The availability of synthetic recombinant human growth hormone (GH) in potentially unlimited quantities since the 1980s has improved understanding of the many nonstatural effects of GH on metabolism, body composition, physical and psychological function, as well as the consequences of GH deficiency in adult life. Adult GH deficiency is now recognized as a distinct if nonspecific syndrome with considerable adverse health consequences. GH replacement therapy in lower doses than those used in children can reverse many of these abnormalities and restore functional capacities toward or even to normal; if dosed appropriately, GH therapy has few adverse effects. Although some doubts remain about possible long-term risks of childhood GH therapy, most registries of adult GH replacement therapy, albeit limited in study size and duration, have not shown an increased incidence of cancers or of cardiovascular morbidity or mortality.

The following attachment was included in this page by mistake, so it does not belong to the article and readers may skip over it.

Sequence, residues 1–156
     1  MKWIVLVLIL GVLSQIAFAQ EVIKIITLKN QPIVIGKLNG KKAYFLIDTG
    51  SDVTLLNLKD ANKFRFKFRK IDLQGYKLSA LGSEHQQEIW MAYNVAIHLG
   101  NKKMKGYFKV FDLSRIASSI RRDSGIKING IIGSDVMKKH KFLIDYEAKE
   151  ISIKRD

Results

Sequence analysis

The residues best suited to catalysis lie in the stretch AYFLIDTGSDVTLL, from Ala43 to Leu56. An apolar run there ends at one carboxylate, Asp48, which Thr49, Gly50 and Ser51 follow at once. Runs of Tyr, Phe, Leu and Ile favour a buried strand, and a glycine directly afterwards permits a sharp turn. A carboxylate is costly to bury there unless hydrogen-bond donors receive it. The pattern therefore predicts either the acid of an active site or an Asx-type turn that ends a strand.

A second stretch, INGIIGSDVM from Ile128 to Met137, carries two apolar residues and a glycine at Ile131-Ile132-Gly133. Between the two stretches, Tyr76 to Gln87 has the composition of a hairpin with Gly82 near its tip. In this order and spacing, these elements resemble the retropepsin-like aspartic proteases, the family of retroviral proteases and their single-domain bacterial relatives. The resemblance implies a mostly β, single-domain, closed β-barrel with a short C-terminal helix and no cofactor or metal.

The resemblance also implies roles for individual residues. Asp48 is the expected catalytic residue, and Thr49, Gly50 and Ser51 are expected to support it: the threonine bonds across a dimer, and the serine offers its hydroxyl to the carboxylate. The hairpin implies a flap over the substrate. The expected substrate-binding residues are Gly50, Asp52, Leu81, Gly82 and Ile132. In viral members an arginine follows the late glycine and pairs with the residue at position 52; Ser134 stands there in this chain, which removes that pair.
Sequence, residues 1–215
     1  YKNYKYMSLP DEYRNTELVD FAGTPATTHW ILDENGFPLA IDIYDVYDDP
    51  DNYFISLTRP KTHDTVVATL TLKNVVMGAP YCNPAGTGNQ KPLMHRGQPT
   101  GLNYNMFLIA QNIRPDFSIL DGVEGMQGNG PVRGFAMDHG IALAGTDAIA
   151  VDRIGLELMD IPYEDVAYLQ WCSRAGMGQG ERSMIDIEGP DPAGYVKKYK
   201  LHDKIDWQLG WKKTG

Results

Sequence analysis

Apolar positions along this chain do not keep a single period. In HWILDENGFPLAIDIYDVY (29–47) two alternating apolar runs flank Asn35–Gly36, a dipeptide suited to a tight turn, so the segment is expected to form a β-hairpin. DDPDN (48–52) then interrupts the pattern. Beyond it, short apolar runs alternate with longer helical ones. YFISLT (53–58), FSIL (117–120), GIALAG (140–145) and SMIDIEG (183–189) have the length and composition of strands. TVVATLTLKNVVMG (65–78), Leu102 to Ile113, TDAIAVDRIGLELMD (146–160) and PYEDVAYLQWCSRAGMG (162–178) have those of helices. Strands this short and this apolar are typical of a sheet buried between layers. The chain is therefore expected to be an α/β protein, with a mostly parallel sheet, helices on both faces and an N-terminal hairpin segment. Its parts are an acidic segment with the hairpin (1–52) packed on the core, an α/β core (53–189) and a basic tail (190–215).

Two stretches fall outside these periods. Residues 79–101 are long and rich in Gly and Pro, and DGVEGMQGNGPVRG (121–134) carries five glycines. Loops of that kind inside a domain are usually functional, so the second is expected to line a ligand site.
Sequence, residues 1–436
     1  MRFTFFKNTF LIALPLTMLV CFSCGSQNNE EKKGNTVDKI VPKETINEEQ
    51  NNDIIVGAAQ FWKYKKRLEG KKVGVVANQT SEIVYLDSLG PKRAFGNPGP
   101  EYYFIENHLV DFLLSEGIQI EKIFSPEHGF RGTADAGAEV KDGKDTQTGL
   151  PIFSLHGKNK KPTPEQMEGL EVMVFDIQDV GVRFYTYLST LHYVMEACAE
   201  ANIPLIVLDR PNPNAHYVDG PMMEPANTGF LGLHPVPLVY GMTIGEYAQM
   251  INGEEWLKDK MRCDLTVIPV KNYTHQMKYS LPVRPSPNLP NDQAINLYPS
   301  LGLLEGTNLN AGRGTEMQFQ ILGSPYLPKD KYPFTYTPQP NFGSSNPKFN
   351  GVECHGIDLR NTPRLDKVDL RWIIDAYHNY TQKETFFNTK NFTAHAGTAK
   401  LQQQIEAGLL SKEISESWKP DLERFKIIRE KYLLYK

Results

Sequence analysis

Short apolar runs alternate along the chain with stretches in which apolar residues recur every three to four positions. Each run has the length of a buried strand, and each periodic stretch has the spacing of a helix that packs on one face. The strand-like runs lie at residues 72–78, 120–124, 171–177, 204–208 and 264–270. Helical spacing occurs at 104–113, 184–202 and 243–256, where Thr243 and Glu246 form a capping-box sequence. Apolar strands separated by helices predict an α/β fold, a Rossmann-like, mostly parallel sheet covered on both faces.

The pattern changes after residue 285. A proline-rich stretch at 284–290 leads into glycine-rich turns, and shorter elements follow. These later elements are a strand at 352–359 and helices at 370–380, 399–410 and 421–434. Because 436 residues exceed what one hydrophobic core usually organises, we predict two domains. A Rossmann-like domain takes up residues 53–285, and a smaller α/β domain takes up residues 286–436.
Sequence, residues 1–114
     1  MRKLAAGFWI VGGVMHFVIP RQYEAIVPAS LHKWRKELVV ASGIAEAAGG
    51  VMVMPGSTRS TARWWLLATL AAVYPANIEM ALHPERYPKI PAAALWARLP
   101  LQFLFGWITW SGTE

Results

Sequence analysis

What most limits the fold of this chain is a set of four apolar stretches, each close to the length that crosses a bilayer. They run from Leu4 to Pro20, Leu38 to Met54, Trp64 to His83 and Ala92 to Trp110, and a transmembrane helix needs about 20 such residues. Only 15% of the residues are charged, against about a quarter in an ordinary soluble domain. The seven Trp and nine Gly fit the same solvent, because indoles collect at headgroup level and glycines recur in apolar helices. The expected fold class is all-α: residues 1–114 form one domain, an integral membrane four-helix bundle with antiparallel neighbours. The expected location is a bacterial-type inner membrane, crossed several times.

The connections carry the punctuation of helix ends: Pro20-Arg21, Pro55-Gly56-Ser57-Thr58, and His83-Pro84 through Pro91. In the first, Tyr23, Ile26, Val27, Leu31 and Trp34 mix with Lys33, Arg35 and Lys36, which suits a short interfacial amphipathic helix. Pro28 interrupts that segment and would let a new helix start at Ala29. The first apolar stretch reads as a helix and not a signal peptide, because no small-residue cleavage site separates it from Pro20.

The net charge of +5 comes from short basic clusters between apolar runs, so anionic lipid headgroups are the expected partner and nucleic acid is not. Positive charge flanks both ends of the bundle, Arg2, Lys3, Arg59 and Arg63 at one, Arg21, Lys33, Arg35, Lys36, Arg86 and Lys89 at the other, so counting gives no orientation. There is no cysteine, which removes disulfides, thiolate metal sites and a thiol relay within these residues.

ASJC Scopus subject areas
- Endocrinology, Diabetes and Metabolism